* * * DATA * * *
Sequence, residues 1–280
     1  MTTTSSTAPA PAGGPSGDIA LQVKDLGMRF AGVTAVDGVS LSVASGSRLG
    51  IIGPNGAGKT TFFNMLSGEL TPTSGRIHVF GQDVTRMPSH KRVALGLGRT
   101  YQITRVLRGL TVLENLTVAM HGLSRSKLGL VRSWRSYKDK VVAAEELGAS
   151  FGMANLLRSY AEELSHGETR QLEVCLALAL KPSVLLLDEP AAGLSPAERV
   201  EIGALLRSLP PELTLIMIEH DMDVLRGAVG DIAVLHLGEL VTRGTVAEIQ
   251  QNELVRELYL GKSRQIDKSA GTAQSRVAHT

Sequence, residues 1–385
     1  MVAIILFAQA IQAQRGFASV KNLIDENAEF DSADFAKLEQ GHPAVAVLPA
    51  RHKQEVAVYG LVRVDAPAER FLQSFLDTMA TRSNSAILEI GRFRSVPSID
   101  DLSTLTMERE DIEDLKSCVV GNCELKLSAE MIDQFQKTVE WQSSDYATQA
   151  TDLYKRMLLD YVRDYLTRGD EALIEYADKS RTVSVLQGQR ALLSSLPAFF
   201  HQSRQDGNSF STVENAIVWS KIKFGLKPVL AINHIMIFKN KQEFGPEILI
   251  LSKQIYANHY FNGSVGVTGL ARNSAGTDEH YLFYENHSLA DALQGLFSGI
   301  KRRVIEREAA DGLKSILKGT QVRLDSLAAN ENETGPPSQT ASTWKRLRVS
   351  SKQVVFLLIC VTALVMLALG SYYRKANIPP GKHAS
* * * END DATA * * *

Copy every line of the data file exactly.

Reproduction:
Sequence, residues 1–280
     1  MTTTSSTAPA PAGGPSGDIA LQVKDLGMRF AGVTAVDGVS LSVASGSRLG
    51  IIGPNGAGKT TFFNMLSGEL TPTSGRIHVF GQDVTRMPSH KRVALGLGRT
   101  YQITRVLRGL TVLENLTVAM HGLSRSKLGL VRSWRSYKDK VVAAEELGAS
   151  FGMANLLRSY AEELSHGETR QLEVCLALAL KPSVLLLDEP AAGLSPAERV
   201  EIGALLRSLP PELTLIMIEH DMDVLRGAVG DIAVLHLGEL VTRGTVAEIQ
   251  QNELVRELYL GKSRQIDKSA GTAQSRVAHT

Sequence, residues 1–385
     1  MVAIILFAQA IQAQRGFASV KNLIDENAEF DSADFAKLEQ GHPAVAVLPA
    51  RHKQEVAVYG LVRVDAPAER FLQSFLDTMA TRSNSAILEI GRFRSVPSID
   101  DLSTLTMERE DIEDLKSCVV GNCELKLSAE MIDQFQKTVE WQSSDYATQA
   151  TDLYKRMLLD YVRDYLTRGD EALIEYADKS RTVSVLQGQR ALLSSLPAFF
   201  HQSRQDGNSF STVENAIVWS KIKFGLKPVL AINHIMIFKN KQEFGPEILI
   251  LSKQIYANHY FNGSVGVTGL ARNSAGTDEH YLFYENHSLA DALQGLFSGI
   301  KRRVIEREAA DGLKSILKGT QVRLDSLAAN ENETGPPSQT ASTWKRLRVS
   351  SKQVVFLLIC VTALVMLALG SYYRKANIPP GKHAS